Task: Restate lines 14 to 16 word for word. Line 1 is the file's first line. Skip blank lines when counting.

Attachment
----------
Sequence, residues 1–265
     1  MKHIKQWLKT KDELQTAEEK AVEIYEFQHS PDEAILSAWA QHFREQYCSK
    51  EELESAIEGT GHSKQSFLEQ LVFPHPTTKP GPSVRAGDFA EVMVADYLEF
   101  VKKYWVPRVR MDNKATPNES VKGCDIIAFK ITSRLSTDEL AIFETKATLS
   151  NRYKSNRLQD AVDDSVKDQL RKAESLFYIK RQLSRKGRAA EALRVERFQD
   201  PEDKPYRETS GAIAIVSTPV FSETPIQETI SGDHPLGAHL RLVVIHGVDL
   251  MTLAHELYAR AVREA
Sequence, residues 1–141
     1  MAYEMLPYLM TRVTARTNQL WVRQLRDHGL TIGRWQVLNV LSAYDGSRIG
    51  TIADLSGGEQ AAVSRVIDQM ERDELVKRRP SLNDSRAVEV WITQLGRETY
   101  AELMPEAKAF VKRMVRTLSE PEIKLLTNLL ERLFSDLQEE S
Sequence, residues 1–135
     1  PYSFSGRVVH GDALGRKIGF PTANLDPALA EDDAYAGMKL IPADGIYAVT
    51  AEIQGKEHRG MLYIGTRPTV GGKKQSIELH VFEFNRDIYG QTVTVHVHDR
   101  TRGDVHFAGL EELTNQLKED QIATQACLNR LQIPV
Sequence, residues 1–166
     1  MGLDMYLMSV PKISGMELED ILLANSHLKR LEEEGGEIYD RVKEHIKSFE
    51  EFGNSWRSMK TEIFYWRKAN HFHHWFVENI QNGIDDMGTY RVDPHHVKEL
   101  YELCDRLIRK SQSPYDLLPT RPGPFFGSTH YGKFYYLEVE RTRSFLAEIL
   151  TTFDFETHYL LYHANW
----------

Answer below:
    51  AEIQGKEHRG MLYIGTRPTV GGKKQSIELH VFEFNRDIYG QTVTVHVHDR
   101  TRGDVHFAGL EELTNQLKED QIATQACLNR LQIPV
Sequence, residues 1–166